IPv6 (IPv6 address notation)

IPv6 (IPv6 address notation)

 An IPv6 address also has 128 bits (16 bytes). Since the binary notation would be too long, it is now written in hexadecimal.

 That's still 32 digits. As will be explained later, IPv6 addresses have been devised so that they can be expressed as short as possible. Still, IPv6 addresses are getting longer.

 This is beyond the limits of human memory at a glance. This long address is difficult to manage and difficult to enter accurately.

 That said, it is very difficult to handle IPv6 addresses in 32-digit hexadecimal numbers as they are, so the abbreviated notation is at least a relief.

IPv6 notation

  • Write in hexadecimal, separating each 16 bits.
  • The delimiter is ":" (colon)
  • The first part of the IPv6 address is called the prefix, and the length is written after "/".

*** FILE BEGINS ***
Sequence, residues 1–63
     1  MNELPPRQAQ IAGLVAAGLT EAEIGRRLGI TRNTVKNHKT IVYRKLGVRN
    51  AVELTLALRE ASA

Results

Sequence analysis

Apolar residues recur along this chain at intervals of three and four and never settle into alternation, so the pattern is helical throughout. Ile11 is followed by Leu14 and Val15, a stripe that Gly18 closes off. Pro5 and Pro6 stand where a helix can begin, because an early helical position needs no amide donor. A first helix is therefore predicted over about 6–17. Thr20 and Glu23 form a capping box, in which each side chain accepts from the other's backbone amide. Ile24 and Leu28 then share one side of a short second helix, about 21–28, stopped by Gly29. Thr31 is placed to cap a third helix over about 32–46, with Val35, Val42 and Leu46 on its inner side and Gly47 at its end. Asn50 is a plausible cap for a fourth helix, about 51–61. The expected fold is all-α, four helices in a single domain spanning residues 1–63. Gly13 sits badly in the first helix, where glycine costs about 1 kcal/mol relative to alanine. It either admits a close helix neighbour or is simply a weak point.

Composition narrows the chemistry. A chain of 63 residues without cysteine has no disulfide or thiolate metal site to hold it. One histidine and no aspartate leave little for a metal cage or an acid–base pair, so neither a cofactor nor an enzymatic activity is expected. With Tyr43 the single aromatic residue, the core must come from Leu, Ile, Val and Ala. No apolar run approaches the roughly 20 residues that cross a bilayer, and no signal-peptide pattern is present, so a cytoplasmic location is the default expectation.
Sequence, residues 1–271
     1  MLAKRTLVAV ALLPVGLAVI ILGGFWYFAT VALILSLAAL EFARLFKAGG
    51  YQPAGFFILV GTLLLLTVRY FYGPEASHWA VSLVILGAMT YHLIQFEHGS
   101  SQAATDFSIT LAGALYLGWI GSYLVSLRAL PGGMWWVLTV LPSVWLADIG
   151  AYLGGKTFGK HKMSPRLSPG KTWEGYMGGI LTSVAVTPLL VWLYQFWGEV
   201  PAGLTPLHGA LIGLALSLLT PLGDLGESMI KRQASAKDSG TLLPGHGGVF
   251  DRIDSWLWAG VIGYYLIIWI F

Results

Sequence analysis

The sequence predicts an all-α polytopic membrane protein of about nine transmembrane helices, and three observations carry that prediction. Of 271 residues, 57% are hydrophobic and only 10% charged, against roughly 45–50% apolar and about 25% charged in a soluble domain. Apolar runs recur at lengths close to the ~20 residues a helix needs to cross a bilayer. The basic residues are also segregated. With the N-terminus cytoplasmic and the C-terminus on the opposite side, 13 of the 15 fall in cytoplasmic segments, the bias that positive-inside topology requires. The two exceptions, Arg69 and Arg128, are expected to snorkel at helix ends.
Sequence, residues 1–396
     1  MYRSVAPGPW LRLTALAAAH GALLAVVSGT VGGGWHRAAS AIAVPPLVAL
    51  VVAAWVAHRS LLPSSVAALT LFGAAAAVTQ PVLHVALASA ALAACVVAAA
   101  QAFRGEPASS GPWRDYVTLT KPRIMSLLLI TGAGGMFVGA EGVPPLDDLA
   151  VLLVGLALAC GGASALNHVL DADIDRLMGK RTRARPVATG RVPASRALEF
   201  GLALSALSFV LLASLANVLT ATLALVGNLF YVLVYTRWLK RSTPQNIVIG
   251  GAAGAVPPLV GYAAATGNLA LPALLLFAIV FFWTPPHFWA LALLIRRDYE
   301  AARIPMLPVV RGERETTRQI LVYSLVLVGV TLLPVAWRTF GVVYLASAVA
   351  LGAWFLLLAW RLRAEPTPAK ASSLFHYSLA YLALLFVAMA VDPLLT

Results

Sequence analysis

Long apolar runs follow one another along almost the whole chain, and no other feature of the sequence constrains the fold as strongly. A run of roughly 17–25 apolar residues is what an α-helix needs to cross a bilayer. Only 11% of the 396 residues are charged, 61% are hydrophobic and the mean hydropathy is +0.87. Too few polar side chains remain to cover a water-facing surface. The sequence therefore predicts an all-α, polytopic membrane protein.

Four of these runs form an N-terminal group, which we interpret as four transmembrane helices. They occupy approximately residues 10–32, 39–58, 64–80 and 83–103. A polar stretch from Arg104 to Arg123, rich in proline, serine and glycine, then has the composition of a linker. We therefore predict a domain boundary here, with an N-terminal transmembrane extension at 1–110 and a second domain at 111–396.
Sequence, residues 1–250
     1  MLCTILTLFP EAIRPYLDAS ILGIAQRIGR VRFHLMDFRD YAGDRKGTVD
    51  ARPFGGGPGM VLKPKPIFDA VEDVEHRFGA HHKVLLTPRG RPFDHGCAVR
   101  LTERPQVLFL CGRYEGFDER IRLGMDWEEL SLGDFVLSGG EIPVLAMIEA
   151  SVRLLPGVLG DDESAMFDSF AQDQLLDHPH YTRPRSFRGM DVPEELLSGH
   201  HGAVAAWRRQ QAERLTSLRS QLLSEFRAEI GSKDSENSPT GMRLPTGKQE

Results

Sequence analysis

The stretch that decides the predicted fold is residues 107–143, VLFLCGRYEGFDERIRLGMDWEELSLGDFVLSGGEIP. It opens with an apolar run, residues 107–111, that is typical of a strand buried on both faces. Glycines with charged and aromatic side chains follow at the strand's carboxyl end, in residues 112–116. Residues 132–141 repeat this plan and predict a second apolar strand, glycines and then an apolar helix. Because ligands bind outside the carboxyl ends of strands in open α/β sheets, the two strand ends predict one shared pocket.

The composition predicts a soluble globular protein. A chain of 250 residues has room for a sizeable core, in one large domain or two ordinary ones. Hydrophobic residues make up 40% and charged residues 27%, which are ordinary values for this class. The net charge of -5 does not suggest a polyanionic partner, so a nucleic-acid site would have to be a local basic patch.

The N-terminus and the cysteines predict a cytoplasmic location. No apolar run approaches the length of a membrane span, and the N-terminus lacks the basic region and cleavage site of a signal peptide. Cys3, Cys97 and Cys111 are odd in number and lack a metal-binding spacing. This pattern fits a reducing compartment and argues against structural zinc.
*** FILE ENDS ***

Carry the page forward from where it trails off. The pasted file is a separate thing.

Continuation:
* "/128" (whole address) is often omitted as it is not necessary to specify it explicitly.

Classification of IPv6

An IPv6 address is divided into 8 parts by the first 3 bits (/3).

 Since 3 bits are not compatible with hexadecimal numbers and are difficult to understand, it may be easier to understand by dividing them into 16 hexadecimal digits of 4 bits.

Binary number Hexadecimal Usage
000 0 special address
001 2 Route-aggregated address
010 4 unassigned
011 6 unassigned
100 8 unassigned
101 a unassigned
110 c unassigned
111 e link-local, site-local, multicast

Shorthand notation for IPv6

The following abbreviations are available for IPv6:

  • Consecutive "0" at the beginning of each block can be omitted
  • "0000" is expressed as "0".
  • Consecutive blocks of "0" can be replaced with "::" only once

The IPv6 address notation method is as follows.


              ↓ Continuous "0" at the beginning of each block can be omitted.
                  "0000" is expressed as "0".

 2001:1000:120:0:0:0:12 34:0

              ↓ Consecutive "0" blocks can be replaced with "::" only once


 Only one location can be omitted.

 2001:1000:120::1234:: × ← cannot be written like this